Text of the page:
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Rhythmic alterations in lymph pressure at the same rate as the heart beat have long been believed on circumstantial grounds to be an important factor in the propagation of lymph. It was not until 1939, however, that the presence of such lymphatic pulsations was demonstrated by Cressman and Blalock (1), who suggested that the impulses were transmitted from contiguous arteries. By measuring lymph output from local areas to which extrinsic pulses could be imparted or withdrawn at will, Parsons and McMaster (2, 3) have shown that lymph formation and drainage are remarkably facilitated in regions subjected to transmitted arterial pulsations.
Because it had never been proved that rhythmic intralymphatic pressure changes are actually due to transmitted arterial pulsations, the present study of the origin and fate of intralymphatic pulsations was undertaken.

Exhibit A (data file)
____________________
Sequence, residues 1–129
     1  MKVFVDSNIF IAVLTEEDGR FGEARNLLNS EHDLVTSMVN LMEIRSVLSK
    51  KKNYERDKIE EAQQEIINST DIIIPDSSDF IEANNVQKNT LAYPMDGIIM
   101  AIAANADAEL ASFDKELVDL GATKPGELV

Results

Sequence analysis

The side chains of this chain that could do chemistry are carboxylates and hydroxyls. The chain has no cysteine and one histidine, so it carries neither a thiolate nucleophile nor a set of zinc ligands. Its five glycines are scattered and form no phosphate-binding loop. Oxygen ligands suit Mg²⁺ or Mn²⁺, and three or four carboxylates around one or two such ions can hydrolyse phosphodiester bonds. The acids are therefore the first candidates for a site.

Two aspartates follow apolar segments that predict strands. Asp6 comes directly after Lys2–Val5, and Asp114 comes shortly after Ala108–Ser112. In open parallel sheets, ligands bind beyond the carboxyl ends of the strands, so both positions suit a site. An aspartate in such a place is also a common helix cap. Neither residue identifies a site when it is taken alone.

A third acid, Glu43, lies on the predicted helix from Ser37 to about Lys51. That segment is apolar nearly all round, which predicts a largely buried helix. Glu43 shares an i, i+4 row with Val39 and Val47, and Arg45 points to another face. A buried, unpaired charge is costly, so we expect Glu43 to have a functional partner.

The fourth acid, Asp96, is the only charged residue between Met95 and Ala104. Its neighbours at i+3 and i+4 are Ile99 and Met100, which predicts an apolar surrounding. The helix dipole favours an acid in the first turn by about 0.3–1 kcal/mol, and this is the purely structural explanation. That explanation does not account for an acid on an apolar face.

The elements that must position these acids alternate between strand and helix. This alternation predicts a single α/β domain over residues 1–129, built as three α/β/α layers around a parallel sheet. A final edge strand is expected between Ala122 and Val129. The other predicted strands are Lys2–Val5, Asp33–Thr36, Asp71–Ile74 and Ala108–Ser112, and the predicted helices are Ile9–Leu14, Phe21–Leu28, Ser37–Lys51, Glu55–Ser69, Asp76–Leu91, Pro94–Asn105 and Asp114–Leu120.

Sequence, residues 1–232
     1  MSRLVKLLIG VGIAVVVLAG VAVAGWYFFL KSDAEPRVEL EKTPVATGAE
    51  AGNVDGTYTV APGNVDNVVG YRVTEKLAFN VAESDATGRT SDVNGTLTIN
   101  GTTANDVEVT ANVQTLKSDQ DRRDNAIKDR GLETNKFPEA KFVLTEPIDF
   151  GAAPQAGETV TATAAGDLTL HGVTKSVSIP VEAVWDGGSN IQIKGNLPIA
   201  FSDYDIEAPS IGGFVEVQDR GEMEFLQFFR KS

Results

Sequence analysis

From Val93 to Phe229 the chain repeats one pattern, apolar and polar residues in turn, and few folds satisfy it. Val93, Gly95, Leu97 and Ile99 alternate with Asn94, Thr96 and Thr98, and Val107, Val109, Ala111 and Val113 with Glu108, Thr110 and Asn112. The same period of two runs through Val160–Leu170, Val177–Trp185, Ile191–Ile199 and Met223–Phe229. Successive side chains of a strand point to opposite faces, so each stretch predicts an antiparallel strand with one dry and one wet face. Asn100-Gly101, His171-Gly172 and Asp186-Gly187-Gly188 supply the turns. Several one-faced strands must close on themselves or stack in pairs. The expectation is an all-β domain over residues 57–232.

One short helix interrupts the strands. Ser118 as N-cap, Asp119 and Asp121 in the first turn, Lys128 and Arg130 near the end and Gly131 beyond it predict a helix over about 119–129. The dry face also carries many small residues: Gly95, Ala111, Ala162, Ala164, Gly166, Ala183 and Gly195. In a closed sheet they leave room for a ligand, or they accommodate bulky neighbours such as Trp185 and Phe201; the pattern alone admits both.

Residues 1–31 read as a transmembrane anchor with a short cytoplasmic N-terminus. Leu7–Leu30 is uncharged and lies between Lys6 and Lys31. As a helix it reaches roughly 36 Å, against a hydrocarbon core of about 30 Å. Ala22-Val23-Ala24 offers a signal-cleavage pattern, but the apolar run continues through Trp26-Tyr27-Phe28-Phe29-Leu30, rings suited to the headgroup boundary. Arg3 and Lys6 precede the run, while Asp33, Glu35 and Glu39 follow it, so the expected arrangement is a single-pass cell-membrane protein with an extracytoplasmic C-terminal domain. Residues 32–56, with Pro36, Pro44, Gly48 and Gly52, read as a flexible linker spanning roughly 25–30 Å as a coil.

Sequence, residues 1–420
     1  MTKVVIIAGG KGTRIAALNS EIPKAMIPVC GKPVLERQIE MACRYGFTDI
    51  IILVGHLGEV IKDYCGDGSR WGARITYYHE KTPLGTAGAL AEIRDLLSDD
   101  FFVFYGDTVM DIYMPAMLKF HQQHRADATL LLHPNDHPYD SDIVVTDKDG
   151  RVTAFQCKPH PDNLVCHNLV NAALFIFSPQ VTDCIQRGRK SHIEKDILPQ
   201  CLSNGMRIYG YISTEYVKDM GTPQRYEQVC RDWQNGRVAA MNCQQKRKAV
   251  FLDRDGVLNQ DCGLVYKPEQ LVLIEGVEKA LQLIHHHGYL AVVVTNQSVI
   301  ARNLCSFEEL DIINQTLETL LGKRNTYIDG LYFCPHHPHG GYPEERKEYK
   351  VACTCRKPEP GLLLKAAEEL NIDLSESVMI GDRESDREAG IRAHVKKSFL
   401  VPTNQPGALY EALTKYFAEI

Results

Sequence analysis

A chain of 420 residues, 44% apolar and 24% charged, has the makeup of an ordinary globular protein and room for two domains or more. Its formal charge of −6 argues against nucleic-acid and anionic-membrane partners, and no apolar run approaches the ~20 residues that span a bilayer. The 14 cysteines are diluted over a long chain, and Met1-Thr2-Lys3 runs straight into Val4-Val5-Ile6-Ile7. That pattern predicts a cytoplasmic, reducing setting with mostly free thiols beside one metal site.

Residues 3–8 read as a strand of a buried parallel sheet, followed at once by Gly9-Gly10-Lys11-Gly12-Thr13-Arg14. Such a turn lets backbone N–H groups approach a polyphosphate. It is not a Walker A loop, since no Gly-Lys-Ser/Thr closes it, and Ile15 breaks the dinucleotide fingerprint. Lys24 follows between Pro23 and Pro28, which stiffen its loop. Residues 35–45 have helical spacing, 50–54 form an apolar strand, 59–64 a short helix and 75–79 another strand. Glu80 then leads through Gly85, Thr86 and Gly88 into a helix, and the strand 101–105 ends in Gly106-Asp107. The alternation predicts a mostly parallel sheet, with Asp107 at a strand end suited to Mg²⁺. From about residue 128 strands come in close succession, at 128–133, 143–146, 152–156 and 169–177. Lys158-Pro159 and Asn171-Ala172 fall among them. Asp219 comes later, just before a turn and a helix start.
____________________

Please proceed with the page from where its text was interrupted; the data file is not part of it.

Thirty-five large mongrel dogs were used, and technically satisfactory conditions were realized in 20 experiments. The dogs were given condensed milk and 30 minutes later were anesthetized with 30 mgm. per Kg. of nembutal given intravenously. In most of the experiments the chest was opened and a positive pressure respirator used thereafter. Umbilical tapes for controlled occlusions were placed about the aorta, the two vessels arising from the aortic arch, and the left innominate vein through a thoracotomy in the left 3rd interspace. The abdominal aorta was isolated through a separate incision. Arterial, venous and lymphatic vessels were cannulated with polyethylene catheters or blunt 20 gauge steel needles filled with heparin. Inductance type transducers were used to measure arterial and venous pressures; lymphatic pressures were detected with a capacitance manometer. All pressures were recorded simultaneously on a multichannel direct writing oscillograph. The frequency response of the measuring and recording systems employed was in excess of 50 cycles per second when tested by recording pressure within a balloon during explosion.